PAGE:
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Kunu's Basket

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Kunu's Basket

Young Kunu wants to make a pack basket on his own. He's watched his dad and his grandfather make baskets on Indian Island, but now that he's trying to make one for himself, it s not as easy as he thought it would be. Kunu isn't a quitter, but he gets so frustrated that he has to go outside to cool off. When his grandfather asks Kunu to help him with some basket-making tasks, Kunu comes to understand that it is the tradition in his family for one generation to help the next. He also learns that it might take several tries before he gets it right. Can he be patient enough to try again and again? His grandfather shows him the way, and at last Kunu's first basket is something to celebrate.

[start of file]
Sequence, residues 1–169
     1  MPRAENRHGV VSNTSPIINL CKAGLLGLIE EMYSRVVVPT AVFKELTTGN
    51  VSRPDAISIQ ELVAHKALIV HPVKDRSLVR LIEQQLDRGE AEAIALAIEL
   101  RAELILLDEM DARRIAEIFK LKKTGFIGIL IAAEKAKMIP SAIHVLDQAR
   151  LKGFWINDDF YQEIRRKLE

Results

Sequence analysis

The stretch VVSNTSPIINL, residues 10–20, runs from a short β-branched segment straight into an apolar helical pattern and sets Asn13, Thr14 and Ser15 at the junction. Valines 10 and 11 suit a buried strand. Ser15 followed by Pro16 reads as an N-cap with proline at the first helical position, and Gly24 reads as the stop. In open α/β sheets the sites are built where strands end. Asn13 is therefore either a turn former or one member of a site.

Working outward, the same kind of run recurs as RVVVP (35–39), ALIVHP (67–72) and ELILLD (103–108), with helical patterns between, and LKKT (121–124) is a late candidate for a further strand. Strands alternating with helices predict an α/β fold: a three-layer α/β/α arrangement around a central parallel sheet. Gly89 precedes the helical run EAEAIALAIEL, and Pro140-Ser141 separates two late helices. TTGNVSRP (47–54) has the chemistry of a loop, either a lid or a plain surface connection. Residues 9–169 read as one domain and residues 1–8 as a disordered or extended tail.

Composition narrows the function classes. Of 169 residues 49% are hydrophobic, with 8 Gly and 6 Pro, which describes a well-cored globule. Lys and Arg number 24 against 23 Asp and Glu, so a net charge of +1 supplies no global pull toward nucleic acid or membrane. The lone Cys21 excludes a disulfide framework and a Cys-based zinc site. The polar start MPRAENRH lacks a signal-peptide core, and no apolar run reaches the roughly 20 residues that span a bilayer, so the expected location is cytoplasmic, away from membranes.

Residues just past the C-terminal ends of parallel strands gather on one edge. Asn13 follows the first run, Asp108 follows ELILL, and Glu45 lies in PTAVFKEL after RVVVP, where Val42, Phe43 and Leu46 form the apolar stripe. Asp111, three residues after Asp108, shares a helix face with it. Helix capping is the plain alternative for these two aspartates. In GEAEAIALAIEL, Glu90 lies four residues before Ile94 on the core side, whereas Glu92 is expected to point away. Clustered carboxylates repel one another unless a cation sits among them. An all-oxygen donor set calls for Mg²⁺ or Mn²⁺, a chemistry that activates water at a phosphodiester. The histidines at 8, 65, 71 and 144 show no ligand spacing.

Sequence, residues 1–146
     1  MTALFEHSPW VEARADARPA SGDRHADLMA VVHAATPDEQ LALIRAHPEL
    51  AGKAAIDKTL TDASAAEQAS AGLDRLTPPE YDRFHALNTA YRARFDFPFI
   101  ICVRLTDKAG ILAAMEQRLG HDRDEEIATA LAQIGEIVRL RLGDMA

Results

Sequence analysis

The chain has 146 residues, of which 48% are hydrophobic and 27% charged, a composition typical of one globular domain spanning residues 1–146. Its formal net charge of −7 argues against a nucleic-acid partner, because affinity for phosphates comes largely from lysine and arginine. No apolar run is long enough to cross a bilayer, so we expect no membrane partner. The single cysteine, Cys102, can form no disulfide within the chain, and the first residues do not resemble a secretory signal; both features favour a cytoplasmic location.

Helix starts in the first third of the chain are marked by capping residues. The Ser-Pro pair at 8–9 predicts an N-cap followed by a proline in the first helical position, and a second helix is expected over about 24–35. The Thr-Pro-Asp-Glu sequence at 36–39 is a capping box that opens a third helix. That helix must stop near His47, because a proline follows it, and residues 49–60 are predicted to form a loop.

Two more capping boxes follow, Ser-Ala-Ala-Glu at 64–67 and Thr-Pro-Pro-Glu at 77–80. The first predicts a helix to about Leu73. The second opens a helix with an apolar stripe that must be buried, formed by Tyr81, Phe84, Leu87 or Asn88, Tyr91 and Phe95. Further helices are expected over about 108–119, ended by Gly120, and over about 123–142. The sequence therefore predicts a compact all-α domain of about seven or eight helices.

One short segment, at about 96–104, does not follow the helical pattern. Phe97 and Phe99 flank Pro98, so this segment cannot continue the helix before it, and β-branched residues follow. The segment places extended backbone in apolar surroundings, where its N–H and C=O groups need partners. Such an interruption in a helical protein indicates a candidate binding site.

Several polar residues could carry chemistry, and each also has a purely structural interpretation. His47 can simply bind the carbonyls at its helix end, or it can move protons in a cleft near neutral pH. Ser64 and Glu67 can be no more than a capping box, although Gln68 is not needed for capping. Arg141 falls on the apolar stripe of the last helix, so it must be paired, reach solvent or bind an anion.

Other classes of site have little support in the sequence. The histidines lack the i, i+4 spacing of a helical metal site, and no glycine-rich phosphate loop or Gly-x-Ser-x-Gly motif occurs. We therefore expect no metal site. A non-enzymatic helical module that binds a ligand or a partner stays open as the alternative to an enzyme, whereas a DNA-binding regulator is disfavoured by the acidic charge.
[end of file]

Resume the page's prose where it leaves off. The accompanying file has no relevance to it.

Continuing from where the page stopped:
There aren't many picture books about contemporary Native American children. Lee Francis has shaped a story that gives Native children a mirror that reflects their modern life but also explores themes common to all children: difficulty attempting a new task; wanting to do something 'by myself'; and having to be patient to try again and again before getting it right. Susan Drucker's gentle illustrations pair beautifully with this family story set on Indian Island.


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